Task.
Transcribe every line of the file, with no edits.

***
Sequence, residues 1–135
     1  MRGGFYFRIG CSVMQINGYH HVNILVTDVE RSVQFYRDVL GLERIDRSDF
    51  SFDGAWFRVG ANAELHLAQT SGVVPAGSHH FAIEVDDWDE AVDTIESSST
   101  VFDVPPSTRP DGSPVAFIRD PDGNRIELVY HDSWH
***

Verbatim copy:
Sequence, residues 1–135
     1  MRGGFYFRIG CSVMQINGYH HVNILVTDVE RSVQFYRDVL GLERIDRSDF
    51  SFDGAWFRVG ANAELHLAQT SGVVPAGSHH FAIEVDDWDE AVDTIESSST
   101  VFDVPPSTRP DGSPVAFIRD PDGNRIELVY HDSWH